The day ended as it started, with a delightful and spirited conversation about cigars. José is tireless in his pursuit of perfection and in his vigor for promoting cigars. During dinner, though I was still full from lunch, I engaged José in several controversial topics like the current industry love affair with blind cigar reviews, and the reticence of some cigar manufacturers to provide timely, accurate and comprehensive information to consumers and to the press. We also talked about the relative significance of aging cigars, the importance of consistency as regards construction and flavor, anti-tobacco legislation and much more. In typical fashion, José was open, honest, and straightforward in his answers. He harbored no secrets, answered every question directly, and pulled no punches.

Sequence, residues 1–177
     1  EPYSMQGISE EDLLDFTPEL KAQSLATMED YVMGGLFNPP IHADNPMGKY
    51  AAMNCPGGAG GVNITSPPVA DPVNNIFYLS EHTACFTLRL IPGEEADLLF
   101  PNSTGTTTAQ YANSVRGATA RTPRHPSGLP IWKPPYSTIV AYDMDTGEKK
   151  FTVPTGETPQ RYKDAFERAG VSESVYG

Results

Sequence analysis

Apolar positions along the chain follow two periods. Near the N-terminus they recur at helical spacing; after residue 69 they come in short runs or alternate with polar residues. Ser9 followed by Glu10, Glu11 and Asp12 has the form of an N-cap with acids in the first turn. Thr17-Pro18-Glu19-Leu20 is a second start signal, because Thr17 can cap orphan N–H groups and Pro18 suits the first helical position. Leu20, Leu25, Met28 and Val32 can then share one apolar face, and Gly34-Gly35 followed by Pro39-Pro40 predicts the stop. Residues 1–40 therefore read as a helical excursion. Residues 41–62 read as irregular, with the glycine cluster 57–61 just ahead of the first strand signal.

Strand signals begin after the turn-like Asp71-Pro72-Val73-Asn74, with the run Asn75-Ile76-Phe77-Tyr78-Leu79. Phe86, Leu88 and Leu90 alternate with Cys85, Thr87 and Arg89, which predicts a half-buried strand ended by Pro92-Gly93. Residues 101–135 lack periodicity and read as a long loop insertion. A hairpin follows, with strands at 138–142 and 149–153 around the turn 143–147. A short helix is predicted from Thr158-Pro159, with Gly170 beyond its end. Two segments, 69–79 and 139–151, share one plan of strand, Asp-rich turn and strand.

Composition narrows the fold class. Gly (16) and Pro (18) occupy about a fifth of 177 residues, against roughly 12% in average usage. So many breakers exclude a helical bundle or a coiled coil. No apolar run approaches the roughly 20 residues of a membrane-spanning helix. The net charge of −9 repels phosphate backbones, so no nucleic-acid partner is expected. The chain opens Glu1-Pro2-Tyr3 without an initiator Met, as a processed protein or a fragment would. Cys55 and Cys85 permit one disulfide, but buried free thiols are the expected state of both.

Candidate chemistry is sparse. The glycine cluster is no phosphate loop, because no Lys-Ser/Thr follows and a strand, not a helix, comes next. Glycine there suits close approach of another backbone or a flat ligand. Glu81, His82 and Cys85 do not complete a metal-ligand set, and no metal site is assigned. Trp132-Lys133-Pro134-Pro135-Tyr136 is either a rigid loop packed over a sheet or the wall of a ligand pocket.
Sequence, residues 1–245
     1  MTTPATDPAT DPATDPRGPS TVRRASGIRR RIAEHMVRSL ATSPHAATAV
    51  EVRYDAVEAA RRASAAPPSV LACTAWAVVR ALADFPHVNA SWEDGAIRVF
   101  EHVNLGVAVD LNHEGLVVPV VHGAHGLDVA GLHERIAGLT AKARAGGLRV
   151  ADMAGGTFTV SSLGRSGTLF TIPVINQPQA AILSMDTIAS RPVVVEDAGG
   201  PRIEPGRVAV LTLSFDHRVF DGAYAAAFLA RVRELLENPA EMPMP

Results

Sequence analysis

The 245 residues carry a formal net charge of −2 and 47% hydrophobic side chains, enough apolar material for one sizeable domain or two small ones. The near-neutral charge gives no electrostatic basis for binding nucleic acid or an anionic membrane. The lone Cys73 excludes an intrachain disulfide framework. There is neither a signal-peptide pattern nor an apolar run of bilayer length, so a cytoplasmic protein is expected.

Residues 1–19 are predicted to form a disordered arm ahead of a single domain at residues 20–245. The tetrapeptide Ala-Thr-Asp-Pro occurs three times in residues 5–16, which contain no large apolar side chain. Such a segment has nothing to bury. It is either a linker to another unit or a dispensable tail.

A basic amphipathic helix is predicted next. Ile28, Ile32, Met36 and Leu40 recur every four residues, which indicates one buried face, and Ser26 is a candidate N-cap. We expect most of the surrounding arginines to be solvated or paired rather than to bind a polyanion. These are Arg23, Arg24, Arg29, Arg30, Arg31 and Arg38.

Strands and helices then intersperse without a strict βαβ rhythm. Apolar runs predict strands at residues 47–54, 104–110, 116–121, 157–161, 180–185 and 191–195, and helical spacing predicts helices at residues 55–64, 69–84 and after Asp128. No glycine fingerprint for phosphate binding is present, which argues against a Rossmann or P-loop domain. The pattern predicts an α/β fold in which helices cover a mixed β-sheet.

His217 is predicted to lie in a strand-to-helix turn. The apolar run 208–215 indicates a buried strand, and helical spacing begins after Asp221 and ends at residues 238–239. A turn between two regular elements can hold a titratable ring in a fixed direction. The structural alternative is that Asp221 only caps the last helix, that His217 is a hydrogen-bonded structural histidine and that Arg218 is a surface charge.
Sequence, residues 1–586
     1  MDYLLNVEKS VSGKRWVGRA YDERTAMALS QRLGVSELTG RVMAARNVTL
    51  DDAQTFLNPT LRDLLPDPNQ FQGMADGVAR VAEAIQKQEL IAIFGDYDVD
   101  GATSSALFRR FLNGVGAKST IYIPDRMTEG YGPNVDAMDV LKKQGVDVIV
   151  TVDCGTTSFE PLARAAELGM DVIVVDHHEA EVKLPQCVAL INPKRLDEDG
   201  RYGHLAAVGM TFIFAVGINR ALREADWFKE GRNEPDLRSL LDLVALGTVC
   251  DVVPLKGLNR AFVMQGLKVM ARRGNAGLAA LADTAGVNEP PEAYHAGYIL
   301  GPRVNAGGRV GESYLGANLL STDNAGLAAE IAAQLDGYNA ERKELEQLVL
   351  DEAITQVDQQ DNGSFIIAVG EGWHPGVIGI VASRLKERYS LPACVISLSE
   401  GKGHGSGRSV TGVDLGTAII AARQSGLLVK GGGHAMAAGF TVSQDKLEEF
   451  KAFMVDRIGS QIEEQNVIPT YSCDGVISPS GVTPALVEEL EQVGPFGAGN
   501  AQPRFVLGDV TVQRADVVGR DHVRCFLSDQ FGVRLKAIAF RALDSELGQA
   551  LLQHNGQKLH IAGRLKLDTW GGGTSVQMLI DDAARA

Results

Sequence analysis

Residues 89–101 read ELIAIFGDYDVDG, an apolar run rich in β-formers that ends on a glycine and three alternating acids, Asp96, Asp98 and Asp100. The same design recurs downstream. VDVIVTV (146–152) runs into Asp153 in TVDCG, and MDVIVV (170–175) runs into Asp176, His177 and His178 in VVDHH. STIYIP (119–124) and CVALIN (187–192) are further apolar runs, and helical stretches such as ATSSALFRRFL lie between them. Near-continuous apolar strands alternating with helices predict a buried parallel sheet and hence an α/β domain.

Below: Doc in the tobacco aging room
I learned a lot from José Blanco during my short stay in Santiago. He is knowledgeable about cigars and about the cigar industry; but more importantly, in my opinion, he proved himself a man of respect and integrity, and one who is willing to help the up and coming publications like Stogie Fresh to reach our common goal: to promote the pleasures of smoking premium cigars.blog comments powered by Disqus